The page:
Diane Alcorn
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Diane Alcorn

Band Jazz Cabaret


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This band has not uploaded any videos


The best kept secret in music


"Ted O'Reilly"

This is not the voice of a young diva, but the voice of a lifetime of experience, with a great appreciation for lyrics. - CJRT

"The Jazz Report"

"an eloquent outing" - The Jazz Report

"Geoff Chapman"

"Cool and classy renditions" - The Toronto Star

"The Globe and Mail"

...successfully "reinvented herself as a jazz artiste" - The Globe and Mail


2000 - The Second Time Around
2004 - I Wish You Love


Feeling a bit camera shy


Born in 1931 and raised in Berwick, Nova Scotia, Diane Alcorn began studying and performing at the age of 13, singing in churches, community halls, music festivals, and any other venues that would allow her to sing. Upon hearing her perform at the Nova Scotia Music Festival in 1947, English adjudicator Howe said, "Your voice is a magnificent instrument," well-needed encouragement which pointed Diane firmly in the direction of her chosen field. in 1948 she enrolled in the Music Diploma Course at Dalhousie University, and the Halifax Conservatory. And during the next three and a half years she became a soloist with the newly formed Nova Scotia Opera Association, a regular recitalist on CBC Radio Halifax, a much in-demand church soloist, and winner of the Nova Scotia Talent Trust and Halifax Music Festival "Star of the Festival" awards.

In 1952 Diane, again a scholarship winner, enrolled in the Artist Diploma Course at the Royal Conservatory of Music in Toronto. During this time she continued her work as a prominent church soloist, and appeared in concert at Hart House and the Royal Conservatory. For the next 40 years, Diane continued concertizing, accepting guest soloist appearances, studying and teaching, all the while raising six children, who have all gone on to theri own careers in the arts. She often took advantage of opportunities to study and coach with world-class professionals both privately and in master classes. Alcorn's list of mentors and teachers includes such important figures as Maris Vetra, former head of the Latvian State Opera, Madame Emmy Heim, Maureen Forrester and Bernard Diamant in Toronto, and Madame Iride Pilla in Boston.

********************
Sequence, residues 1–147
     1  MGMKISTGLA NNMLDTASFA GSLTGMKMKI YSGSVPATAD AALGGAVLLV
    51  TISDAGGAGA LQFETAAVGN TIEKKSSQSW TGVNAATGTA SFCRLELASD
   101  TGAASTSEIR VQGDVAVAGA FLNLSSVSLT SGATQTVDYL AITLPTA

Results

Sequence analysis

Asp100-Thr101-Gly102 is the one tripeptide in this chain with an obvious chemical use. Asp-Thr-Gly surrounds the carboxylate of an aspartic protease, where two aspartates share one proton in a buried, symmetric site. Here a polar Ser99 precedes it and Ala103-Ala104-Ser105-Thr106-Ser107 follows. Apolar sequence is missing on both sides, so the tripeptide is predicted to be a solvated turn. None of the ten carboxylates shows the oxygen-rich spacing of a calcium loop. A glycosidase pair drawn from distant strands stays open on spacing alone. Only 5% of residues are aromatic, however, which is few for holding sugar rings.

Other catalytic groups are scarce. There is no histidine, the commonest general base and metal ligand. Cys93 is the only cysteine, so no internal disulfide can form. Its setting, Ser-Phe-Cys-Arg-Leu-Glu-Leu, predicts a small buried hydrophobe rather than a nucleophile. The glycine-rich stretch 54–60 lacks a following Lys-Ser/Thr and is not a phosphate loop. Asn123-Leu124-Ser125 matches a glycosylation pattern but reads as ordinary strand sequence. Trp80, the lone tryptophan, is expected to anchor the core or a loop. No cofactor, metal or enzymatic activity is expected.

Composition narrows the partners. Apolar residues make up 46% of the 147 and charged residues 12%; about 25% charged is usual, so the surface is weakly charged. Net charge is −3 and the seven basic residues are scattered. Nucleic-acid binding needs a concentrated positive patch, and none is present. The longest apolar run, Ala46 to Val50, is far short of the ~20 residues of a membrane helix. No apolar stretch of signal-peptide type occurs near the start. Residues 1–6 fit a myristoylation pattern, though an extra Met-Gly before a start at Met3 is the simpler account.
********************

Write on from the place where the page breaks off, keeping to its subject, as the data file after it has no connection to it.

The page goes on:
After a veritable lifetime of studying, performing and teaching classical music, Diane turned to popular music, and in 1992 made the first of a series of concert appearances at St. Francis Xavier University in Antigonish. This marked the beginning of an exploration of the American Popular Song, delivering the "new classic" rerpertoire of Gershwin, Porter, Berlin, and Kern, and working with notable jazz musicians, including guitarist Roddy Elias, and pianist Tony Genge. Alcorn relocated to Toronto in 1996, a daring move that signified the start of an exciting new phase of her career. Always open to new challenges and gifted with an innate musicality and remarkable voice, Diane became an important voice on the Toronto jazz and cabaret scene, performing regularly with many of Canada's top side-men and soloists, and appearing at this country's most imporant venues, the Top o' the Senator and the Montreal Bistro.

Today, Diane continues to sing, and shares with people her great love of music and life through live performances, and her ever-growing catalogue of Standards-Cds.